Category Archives: Buildings

Berowra Hall 1914 – 1929 Part 2

Last week, David Lever shared two of his beautiful paintings of Berowra Hall with our blog followers and, as promised, this week he returns to more closely examine the paintings and the events which they represent.


photo 1

The annual plain and fancy dress ball was held on Friday 2nd October 1914. The Ball was reported to be highly successful and in fact more so than those held in previous years. That raises a question as to where Balls were held in Berowra prior to the construction of the Hall.

Decorations for the Hall, supper room and supper tables were along patriotic lines of red white and blue. Many beautiful and striking costumes were worn. The characters I have depicted in my painting were well described in the newspaper report enabling me to capture them in a manner in which they might have appeared.

Some of the costumes represented were; Britannia, Daughter of the Regiment, France, Golden Queen, Pierette, All British, Lady Teazle, John Bull, The Admiral, Sir Peter Teazle, Uncle Sam, and Pierotte. Some of those now unfamiliar characters were at the time well known stars of plays and music halls

The report on the Ball named the wearers of the costumes as well as providing detailed descriptions of the gowns worn by ladies who chose not to wear fancy dress costumes. Excellent music was provided by Mrs Hewitt and Mrs Long.


photo 2

The engagement of Miss Maggie Chrystal, youngest daughter of Mr and Mrs . George Chrystal of “Ormiston” Goodwyn Rd. Berowra, to driver Harry Toms, A.I.F., second son of Mr and Mrs Charles Toms of Thornleigh was announced on 31st May 1919.

On 23rd October,1920, their military style wedding took place at St Marks Church of England, Berowra. The ceremony was conducted by The Reverand A.L. Wade of Hornsby, the service being choral.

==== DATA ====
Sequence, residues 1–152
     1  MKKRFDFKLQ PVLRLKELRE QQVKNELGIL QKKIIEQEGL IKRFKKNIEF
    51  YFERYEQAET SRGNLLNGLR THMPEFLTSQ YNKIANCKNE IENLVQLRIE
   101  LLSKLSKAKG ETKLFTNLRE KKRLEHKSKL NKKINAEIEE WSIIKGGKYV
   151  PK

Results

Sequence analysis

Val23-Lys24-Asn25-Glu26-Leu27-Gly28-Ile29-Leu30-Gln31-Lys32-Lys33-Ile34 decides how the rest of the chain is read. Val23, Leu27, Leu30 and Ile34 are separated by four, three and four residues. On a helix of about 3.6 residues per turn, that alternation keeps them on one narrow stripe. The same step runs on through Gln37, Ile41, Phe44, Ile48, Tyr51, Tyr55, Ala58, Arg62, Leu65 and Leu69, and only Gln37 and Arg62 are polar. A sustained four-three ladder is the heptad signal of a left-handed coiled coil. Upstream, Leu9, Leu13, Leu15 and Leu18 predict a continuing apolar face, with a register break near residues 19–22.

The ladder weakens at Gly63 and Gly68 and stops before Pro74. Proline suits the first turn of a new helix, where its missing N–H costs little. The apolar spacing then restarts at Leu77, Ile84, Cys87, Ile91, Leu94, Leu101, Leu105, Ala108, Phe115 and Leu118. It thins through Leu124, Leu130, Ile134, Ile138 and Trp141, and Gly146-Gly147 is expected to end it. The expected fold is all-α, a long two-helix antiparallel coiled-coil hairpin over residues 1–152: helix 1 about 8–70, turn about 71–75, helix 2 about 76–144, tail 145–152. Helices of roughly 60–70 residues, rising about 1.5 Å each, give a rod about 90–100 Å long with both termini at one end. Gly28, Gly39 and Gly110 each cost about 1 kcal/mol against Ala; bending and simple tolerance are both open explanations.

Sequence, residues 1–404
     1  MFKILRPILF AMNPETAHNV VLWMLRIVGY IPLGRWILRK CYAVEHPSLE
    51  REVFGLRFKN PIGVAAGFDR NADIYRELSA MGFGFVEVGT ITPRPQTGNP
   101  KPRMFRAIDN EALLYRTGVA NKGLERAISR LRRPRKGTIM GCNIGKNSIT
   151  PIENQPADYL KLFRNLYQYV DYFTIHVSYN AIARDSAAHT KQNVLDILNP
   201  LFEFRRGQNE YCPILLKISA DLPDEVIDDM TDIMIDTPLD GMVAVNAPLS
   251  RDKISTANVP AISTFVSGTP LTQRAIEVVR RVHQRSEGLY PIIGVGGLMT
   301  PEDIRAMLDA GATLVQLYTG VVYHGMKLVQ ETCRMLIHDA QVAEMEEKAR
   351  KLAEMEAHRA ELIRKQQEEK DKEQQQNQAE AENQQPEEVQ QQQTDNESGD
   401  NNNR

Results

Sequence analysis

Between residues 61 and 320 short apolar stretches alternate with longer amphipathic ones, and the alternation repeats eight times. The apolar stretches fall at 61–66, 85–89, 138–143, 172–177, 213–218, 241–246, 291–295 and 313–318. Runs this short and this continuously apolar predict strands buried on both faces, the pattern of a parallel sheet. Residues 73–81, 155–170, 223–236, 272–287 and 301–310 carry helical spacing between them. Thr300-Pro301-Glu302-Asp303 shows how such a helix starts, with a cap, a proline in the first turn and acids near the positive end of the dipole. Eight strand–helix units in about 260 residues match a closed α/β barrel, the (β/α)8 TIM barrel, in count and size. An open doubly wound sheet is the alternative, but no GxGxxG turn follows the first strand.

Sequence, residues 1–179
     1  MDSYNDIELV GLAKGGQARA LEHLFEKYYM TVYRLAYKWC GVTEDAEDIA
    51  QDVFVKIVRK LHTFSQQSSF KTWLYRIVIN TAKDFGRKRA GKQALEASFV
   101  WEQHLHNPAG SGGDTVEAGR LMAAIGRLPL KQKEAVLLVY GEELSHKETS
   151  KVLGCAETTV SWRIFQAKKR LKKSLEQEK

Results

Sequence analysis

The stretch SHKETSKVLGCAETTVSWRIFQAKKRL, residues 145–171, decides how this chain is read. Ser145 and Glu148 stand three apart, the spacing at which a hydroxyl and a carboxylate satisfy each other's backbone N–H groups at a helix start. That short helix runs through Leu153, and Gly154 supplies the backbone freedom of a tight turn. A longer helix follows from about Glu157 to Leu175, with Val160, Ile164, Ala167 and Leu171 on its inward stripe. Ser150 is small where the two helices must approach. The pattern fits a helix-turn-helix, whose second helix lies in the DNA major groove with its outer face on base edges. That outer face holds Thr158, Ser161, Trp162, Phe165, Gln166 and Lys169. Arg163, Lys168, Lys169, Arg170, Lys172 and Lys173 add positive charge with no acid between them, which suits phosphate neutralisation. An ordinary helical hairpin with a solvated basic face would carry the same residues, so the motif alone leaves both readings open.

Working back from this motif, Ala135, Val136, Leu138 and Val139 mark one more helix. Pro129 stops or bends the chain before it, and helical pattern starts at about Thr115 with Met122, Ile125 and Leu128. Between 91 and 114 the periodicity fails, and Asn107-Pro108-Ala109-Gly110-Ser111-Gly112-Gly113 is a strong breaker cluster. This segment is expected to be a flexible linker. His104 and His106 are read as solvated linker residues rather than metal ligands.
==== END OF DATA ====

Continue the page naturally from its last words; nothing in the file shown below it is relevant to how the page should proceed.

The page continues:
Girlfriends of the bride decorated the church with arum lilies and marguerites. The church was filled to capacity. The bride was dressed in white charmeuse, elaborately hand embroidered , and wore a handsome bridal veil surrounded by orange blossom. The bride and bridesmaid carried bouquets of pink and white carnations tied with the grooms military colours of red and blue and were a gift of the bridegroom. The groom and best man wore their military uniforms.

Members of the tennis club provided a guard of honour as the couple left the church with raised tennis racquets. They were then driven the short distance to Berowra Hall.

A wedding breakfast was provided at the Hall for 80 guests. The event was celebrated with musical and singing entertainment as well as dancing. The couple received many wedding presents. Mr and Mrs Toms left for their honeymoon at Lawson. The bride was dressed in a grey outfit with hat to match.


The land upon which the Hall had been built remained vacant until the early 1950’s when the current house was built by local builder George Huett. Prior to that the charcoal covered land had been a popular play ground for local children.

In 1936 Berowra was provided with a new hall ( The Tavern) which was built on the land now occupied by the Berowra Chinese Restaurant on the Pacific Highway. But that’s another story ……

David Lever

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Berowra Hall: 1914 – 1929

This week Berowra Living History reflects on a building which was once central to the community. The Berowra Hall would this year be celebrating its 100th anniversary, were it still standing. David Lever, who has recreated the lost hall in two of his beautiful paintings tells a little of the story of the hall. 
BEROWRA HALL 1914 to 1929.
photo 2
It is difficult to imagine that during the years 1914 to 1929 a thriving centre of social and cultural activity existed on the site of what is now 27 Berowra Waters Road. This was the site of the first Berowra Hall.
The hall was completely destroyed by fire at about 10 am on Saturday , Christmas Eve 1929. The building, constructed of a timber frame, weather boards and a highly waxed floor burnt very quickly and was impossible to save.